Did It Happen on 9 April?
- BuyThe Resurrection by Geza Vermes
Penguin, 168 pp, £7.99, March 2008, ISBN 978 0 14 103005 0
In about 56 AD, St Paul writing to the Christians of Corinth, made his position very clear. Somebody had been suggesting that the dead cannot be resurrected, and this was his response: ‘If there be no resurrection of the dead, then is Christ not risen; and if Christ be not risen, then is our preaching vain and your faith is also vain.’ The creeds still require the faithful to declare their belief that Jesus died, was buried, descended into hell, and on the third day rose again. Paul explains that the requirement is reasonable: provided the dead can rise, there can be no reason to suppose Jesus did not do so. In fact if he didn’t, ‘we are of all men most miserable.’ Like Paul, the creeds also insist on ‘the resurrection of the body’, though Paul had in mind not every body but those of the brethren who had died between the death of Jesus and the postponed but imminent day of judgment. As Geza Vermes remarks, he seems not to have given any thought to the very large numbers of dead between Adam and his own day.
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Vol. 30 No. 7 · 10 April 2008
Frank Kermode does not include in his discussion of the resurrection the gospel reference that gives the best clue about the death and resurrection of Jesus, namely John 19.34: ‘Forthwith came there out blood and water’ (LRB, 20 March). There can be only one possible explanation for this happening after the spear had been thrust into his side: Jesus had a large pleural effusion, which the spear released. This diagnosis explains a good deal that is otherwise puzzling in the gospel stories. Although he had previously walked everywhere, Jesus needed an ass for his final entry into Jerusalem. Also, he was unable to carry his cross, which other men of his age could carry easily. A pleural effusion this size would have been accumulating for some time. It would have been tuberculous, and so Jesus would have been getting steadily weaker. It isn’t surprising that he felt ‘he was not long for this world.’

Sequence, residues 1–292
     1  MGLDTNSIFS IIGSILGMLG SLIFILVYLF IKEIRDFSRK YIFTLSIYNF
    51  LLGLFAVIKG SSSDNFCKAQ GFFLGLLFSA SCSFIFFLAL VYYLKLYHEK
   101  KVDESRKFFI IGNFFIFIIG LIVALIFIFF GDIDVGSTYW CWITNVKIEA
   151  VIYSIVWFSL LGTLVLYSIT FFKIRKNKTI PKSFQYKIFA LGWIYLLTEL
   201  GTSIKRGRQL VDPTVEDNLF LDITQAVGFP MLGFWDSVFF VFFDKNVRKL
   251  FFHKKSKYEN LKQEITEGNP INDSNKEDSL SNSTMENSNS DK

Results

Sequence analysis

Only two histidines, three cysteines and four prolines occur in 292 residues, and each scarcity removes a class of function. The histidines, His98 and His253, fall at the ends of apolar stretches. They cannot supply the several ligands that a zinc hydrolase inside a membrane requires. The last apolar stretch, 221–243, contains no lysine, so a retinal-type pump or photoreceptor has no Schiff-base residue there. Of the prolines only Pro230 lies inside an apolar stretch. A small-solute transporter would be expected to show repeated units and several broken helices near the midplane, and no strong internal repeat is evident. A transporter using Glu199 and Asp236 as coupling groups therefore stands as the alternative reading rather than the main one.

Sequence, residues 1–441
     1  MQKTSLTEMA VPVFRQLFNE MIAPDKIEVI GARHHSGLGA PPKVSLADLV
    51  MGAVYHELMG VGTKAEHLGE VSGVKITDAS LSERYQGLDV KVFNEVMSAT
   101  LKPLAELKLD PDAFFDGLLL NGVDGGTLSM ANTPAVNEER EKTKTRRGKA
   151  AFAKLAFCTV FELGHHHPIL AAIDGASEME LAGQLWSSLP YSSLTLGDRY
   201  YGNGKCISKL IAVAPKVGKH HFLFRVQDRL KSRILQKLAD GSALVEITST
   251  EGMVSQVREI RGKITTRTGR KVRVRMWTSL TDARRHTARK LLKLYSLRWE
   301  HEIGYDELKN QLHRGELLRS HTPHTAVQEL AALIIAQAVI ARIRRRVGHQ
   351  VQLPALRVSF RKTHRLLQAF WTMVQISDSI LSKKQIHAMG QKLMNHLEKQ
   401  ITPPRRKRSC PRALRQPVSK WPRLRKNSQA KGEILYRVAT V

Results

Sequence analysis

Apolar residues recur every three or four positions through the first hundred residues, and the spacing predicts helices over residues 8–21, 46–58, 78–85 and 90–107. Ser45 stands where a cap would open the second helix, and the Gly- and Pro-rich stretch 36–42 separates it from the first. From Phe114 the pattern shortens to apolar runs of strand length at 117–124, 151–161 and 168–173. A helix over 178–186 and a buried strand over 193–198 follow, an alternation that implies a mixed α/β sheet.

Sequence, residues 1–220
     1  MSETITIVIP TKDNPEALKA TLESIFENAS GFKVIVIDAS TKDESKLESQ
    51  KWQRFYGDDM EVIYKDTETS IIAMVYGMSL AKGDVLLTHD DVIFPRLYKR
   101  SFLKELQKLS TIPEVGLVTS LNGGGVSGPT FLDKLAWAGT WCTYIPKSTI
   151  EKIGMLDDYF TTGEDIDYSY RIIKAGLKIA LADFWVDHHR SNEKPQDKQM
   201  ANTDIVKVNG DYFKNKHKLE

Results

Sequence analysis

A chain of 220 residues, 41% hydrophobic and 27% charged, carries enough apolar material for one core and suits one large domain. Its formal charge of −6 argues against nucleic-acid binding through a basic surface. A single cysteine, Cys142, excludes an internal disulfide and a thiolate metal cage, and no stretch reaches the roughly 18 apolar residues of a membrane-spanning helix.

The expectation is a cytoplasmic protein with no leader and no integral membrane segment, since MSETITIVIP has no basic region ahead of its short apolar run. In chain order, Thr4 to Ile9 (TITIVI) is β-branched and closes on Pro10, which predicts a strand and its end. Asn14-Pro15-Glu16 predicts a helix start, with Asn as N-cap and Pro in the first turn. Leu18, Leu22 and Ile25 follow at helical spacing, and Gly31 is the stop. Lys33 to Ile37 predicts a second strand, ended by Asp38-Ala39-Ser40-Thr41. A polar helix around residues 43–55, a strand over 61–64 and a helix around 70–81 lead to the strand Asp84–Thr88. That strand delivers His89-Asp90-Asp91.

The story in John implies that the soldiers were surprised to find Jesus dead so soon. With the effusion pressing on his heart and his body fixed upright he would probably have gone into severe heart failure, and would have appeared dead even though his heart itself was perfectly sound. The spear blow that was expected to finish him off might actually have saved his life by relieving the pressure on his heart. Being laid horizontally would have allowed the blood and fluids pooled in his legs to return into circulation, a process assisted by the coolness of the tomb. He might, in these circumstances, have regained consciousness and thus have seemed to be resurrected.
Dr Roger James
Vol. 30 No. 8 · 24 April 2008